And the winner is. . .

i-49a0614e6c76937b3e7cd49ae84b2904-Propofol structure.jpg


For further information and detailed background, please see our previous post on this injectable anesthetic agent known as propofol or Diprivan®.

This L.A. Times article today also has a concise timeline of the events leading to the death of Michael Jackson

More like this

Judging from the press inquiries I've had since 5 am EDT today, expect today's focus in the Michael Jackson case to be on the anesthetic drug, propofol (Diprivan®). Last evening, California nutritionist and registered nurse Ms Cherilyn Lee gave an interview to Campbell Brown on CNN (and this AP…
While invoking my little-known real name, the ABC News Medical Unit shows its commitment to providing scientifically-objective and medically-valid commentary to the Michael Jackson circus. The post cited was from 26 June where I discussed the first Michael Jackson revelation that he had repeatedly…
Since I abhor the entombment of real news beneath the Michael Jackson story, I didn't think I'd be posting about it, but here I am. You see, Jackson was reportedly under the "care" of a privately hired physician when he died, and was being treated with medications not normally used outside the…
AOL's celebrity gossip page was first yesterday to report Michael Jackson's death, in part due to their direct line to one or more Jackson family members. They appear to have had another scoop today in referencing a family member who reported that Mr Jackson had received an injection of the…

Conrad Murray, Jackson's personal doctor, told detectives with the Los Angeles Police Department that he had been treating Jackson for insomnia for about six weeks. He had been giving Jackson 50 milligrams of propofol every night using an intravenous line, according to the court records.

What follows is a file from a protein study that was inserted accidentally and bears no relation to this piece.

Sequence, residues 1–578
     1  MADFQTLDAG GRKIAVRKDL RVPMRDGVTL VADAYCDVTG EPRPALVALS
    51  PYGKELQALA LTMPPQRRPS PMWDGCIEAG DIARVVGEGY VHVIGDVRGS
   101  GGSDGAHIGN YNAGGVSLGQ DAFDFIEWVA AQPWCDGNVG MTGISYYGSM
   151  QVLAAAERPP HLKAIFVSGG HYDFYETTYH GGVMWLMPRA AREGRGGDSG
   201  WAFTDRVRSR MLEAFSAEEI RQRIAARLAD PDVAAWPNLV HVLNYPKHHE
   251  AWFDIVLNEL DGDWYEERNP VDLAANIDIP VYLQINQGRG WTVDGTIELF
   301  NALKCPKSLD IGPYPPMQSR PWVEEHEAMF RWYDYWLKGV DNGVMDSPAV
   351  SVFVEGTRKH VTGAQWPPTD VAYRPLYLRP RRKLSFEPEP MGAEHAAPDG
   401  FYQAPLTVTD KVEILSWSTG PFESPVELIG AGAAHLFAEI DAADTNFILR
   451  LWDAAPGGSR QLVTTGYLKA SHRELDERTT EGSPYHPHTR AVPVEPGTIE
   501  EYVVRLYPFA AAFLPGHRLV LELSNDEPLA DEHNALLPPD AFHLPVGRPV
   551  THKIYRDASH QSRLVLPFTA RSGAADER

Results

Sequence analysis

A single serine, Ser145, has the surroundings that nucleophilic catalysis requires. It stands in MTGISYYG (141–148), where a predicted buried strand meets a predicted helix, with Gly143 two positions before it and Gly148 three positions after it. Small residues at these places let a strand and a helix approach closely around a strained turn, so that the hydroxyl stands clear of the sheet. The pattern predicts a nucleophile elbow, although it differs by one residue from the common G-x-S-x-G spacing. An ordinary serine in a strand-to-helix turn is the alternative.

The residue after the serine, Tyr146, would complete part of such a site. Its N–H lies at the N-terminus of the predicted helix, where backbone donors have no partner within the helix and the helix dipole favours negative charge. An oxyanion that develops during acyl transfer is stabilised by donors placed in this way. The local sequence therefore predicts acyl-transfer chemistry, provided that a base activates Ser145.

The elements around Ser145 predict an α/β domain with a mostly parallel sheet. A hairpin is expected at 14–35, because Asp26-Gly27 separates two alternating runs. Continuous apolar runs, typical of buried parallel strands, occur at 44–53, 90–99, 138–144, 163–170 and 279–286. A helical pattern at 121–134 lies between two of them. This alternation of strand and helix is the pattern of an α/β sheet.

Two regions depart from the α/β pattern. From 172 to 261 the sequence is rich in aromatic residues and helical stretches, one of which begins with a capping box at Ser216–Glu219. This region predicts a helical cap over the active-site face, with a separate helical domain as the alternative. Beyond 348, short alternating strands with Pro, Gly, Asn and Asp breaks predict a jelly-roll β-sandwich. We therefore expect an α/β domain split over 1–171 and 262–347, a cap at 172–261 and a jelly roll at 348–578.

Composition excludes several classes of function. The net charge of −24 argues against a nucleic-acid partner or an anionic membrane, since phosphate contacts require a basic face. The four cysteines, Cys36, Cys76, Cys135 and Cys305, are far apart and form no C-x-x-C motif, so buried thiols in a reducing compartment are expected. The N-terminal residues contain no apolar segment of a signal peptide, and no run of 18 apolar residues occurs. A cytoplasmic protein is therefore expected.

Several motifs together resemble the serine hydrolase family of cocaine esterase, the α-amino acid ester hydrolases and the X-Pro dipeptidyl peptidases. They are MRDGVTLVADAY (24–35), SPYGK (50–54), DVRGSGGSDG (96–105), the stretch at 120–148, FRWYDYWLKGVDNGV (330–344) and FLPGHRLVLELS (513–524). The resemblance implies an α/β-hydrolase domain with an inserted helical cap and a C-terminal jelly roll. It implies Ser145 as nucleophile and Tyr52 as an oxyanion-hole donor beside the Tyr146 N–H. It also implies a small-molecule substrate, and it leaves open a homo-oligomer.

But Murray told detectives that he feared Jackson was forming an addiction and began trying to wean the pop star off the drugs. He lowered the dosage to 25 milligrams and mixed it with two other sedatives, lorazepam and midazolam. On June 23, two days before Jackson's death, he administered those two medications and withheld the propofol.

On the morning Jackson died, Murray tried to induce sleep without using propofol, according to the affidavit. He said he gave Jackson valium at 1:30 a.m. When that didn't work, he said, he injected lorazepam intravenously at 2 a.m. At 3 a.m., when Jackson was still awake, Murray administered midazolam.

Over the next few hours, Murray said he gave Jackson various drugs. Then at 10:40 a.m., Murray administered 25 milligrams of propofol after Jackson repeatedly demanded the drug, according to the court records.

Holy. Crap.

By DrugMonkey (not verified) on 24 Aug 2009 #permalink

the rebuttal:

"Much of what was in the search warrant affidavit is factual," attorney Edward Chernoff said in the statement. "However, unfortunately, much is police theory. Most egregiously, the timeline reported by law enforcement was not obtained through interviews with Dr. Murray, as was implied by the affidavit. Dr. Murray simply never told investigators that he found Michael Jackson at 11:00 a.m. not breathing. He also never said that he waited a mere 10 minutes before leaving to make several phone calls. In fact, Dr. Murray never said that he left Michael Jackson's room to make phone calls at all."

By DrugMonkey (not verified) on 25 Aug 2009 #permalink